Health Team

4 of your latest coronavirus questions, answered

CNN readers are asking smart questions about coronavirus every day. So each weekday, we'll select some of the top questions and get you the answers.

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Holly Yan
CNN — CNN readers are asking smart questions about coronavirus every day. So each weekday, we'll select some of the top questions and get you the answers.

Here are some of the most popular recent questions:

Q. Does donated blood get screened for coronavirus?

At least 4.5 million people need donated blood every year, but this is the first time novel coronavirus has been a concern in the nation's blood supply.

"Individuals are not at risk of contracting COVID-19 through the blood donation process or via a blood transfusion since respiratory viruses are generally not known to be transmitted by donation or transfusion," said the AABB, formerly the American Association of Blood Banks.

"The U.S. Food and Drug Administration continues to report that there have been no reported or suspected cases of transfusion-transmitted COVID-19 to date," the group said.

"In addition, no cases of transfusion-transmission were ever reported for the other two coronaviruses that emerged during the past two decades (SARS, the Severe Acute Respiratory Syndrome Coronavirus, and MERS-CoV, which causes Mideast Respiratory Syndrome)."

The AABB said routine screening measures are already in place to prevent anyone with clinical respiratory infections from donating blood.

But there is one big concern involving blood donations and coronavirus: the possibility that fewer people will come out to donate.

"If the outbreak of coronavirus continues to spread, additional challenges may arise, which could potentially reduce the number of eligible donors," the AABB said.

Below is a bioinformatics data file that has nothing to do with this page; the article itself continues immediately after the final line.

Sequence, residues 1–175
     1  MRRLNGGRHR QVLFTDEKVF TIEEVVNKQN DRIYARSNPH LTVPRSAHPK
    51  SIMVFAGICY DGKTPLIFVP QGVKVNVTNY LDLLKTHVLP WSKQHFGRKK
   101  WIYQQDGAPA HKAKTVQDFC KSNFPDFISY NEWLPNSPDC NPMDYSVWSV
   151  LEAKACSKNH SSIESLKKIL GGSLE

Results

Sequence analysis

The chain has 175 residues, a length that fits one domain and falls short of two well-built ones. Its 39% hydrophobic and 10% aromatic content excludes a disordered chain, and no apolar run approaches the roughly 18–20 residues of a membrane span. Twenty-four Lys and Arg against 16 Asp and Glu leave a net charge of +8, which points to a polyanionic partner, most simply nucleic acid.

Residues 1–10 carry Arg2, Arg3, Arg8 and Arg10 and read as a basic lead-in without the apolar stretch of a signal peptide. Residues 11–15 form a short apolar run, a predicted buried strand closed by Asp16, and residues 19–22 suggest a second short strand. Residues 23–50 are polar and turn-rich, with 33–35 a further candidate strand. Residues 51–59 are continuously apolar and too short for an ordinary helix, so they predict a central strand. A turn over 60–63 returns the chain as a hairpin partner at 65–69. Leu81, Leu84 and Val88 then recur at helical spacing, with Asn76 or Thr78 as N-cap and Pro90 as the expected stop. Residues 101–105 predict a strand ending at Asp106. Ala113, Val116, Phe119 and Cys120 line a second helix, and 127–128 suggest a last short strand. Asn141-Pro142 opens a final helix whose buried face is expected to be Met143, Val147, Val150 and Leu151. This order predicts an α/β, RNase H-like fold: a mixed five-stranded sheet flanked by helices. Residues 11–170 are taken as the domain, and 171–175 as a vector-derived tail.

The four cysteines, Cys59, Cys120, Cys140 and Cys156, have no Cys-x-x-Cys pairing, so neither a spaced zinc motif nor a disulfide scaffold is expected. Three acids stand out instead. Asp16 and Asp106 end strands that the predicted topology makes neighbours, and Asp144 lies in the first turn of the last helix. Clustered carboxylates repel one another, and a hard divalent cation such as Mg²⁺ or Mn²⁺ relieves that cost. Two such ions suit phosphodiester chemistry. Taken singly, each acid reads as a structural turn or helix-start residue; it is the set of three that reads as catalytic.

Listen to Dr. Sanjay Gupta's podcast 'Coronavirus: Fact vs. Fiction'

Q. How do I stay healthy when using Uber or Lyft?

Both rideshare companies said they're actively trying to protect customers and drivers from coronavirus.

Uber said it is trying to give drivers with disinfectants to help keep their cars clean, and the company "may temporarily suspend the accounts of riders or drivers confirmed to have contracted or been exposed to COVID-19."

Uber said it's working with public health organizations who might tell them to pause an account. If that happens, Uber would suspend that account and those of any connected riders.

Uber also said it will protect drivers financially if they are asked to isolate themselves.

"Any driver or delivery person who is diagnosed with COVID-19 or is individually asked to self-isolate by a public health authority will receive financial assistance for up to 14 days while their account is on hold," Uber said.

"We've already helped drivers in some affected areas, and we're working to quickly implement this worldwide."

Q. How can I tell whether I have coronavirus or the flu? What are the different symptoms?

Testing is the only way to know for sure. But there have been problems with coronavirus testing -- from faulty test kits to major shortages and delays in getting tested.

The flu and coronavirus share some common symptoms, such as fever and cough, but shortness of breath is a common hallmark of coronavirus.

Of course, some people with coronavirus have no symptoms at all. And asymptomatic people can still spread coronavirus to others.

So anyone who has had close contact with someone known to have coronavirus should ask a health care provider about getting tested, the US Centers for Disease Control and Prevention said.

Anyone who recently traveled to a part of the world where coronavirus is widespread should do the same.

Q. Can hand dryers kill coronavirus?

No, bathroom hand dryers can't kill coronavirus, the World Health Organization says. Doctors say the best ways to protect yourself include:

-- Wash your hands with soap and water frequently for at least 20 seconds. If you can't wash your hands, use an alcohol-based hand santizer.

-- Stop touching your face -- which is a lot harder than it sounds.

-- Avoid large crowds

-- Stay at least 3 feet away from anyone who might be infected, especially if they're coughing or sneezing.

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